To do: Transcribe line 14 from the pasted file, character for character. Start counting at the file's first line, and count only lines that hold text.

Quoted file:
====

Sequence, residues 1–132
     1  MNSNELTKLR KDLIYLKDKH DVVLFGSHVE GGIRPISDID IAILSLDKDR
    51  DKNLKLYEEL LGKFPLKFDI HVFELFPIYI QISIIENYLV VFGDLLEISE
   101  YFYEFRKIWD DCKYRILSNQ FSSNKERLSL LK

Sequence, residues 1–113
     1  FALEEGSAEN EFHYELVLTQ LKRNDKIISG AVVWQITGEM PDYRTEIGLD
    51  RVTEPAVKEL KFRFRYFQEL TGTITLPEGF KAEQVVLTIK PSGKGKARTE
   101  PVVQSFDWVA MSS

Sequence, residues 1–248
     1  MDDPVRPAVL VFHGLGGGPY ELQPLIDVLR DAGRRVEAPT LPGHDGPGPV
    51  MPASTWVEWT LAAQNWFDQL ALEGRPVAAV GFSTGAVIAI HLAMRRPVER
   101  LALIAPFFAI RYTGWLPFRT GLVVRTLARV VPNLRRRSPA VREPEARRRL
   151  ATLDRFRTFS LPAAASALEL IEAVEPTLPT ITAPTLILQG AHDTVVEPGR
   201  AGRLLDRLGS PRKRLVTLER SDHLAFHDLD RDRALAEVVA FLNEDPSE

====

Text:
   201  AGRLLDRLGS PRKRLVTLER SDHLAFHDLD RDRALAEVVA FLNEDPSE